international employment law firm alliance L&E Global
United Kingdom

UK: Case Raises Issues around Managing Neurodiverse Employees whose decision-making may be Impacted by their Condition

Authors: Eleanor Winslet and Charles Urquhart


Ms Morgan, a supervising social worker in the fostering team at Buckinghamshire Council, had various disabilities including autism and dyslexia. She was dismissed for conduct relating to giving gifts to a child for whom she was responsible without the authority of her manager (in breach of the Council’s code of conduct) and for including inappropriate contents in a case note. Her explanation that her conduct was influenced by her autism wasn’t accepted by the dismissing officer who took the view she couldn’t be trusted not to breach the code of conduct again.  On appealing her dismissal, she was invited to have an Occupational Health assessment to investigate whether her conduct had been influenced by autism but she declined, and her appeal was unsuccessful.

Ms Morgan brought claims of unfair dismissal and disability discrimination (arising from a disability, and harassment).   The tribunal found that her dismissal was within the range of reasonable responses.  It considered that the critical issue was whether she was likely to repeat her behaviour and determined that she was.  In the discrimination arising from disability claim, it accepted her dismissal was for conduct which was as a result of her disabilities, but that she had “breached boundaries” which were a legitimate aim of the Council i.e. to have guidelines prohibiting gift giving to vulnerable children. As such, the decision to dismiss was justified.  On appeal, the EAT found that the tribunal’s conclusions were justified.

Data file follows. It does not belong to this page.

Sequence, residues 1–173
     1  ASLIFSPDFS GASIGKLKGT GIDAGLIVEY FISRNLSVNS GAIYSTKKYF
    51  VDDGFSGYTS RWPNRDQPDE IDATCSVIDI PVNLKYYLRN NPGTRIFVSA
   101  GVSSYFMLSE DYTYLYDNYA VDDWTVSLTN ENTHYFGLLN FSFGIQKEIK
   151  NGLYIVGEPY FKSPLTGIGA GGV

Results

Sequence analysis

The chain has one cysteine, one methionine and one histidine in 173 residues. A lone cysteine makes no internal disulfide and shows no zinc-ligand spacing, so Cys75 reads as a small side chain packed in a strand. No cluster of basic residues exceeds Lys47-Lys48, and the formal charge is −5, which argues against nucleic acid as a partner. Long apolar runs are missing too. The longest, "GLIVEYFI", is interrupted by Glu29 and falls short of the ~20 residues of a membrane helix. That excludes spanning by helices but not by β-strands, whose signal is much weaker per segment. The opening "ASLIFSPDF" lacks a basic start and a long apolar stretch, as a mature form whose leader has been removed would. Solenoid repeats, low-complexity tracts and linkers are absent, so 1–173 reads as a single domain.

Key Action Points for Human Resources and In-house Counsel

This case raises issues around managing neurodiverse employees whose decision-making may be impacted by their condition.  Although this case has very particular facts, given that the legitimate aim in question was the protection of vulnerable children – where employers can justify high standards of conduct (for example in the context of regulatory requirements for financial services businesses), they may be able to justify dismissal where they no longer have confidence in an employee upholding those standards, even where the reason relates to their disability.

Ms Morgan’s harassment claim was successful. This related to comments by the person hearing the appeal that she had deceitfully “masked” her autism when in fact she had simply learned behaviours which led to her masking her autism.

This case is far from a gold standard of how to support neurodiverse employees in the workplace, and employers should ensure they treat neurodiverse employees as individuals and make reasonable adjustments where possible.


Morgan v Buckinghamshire Council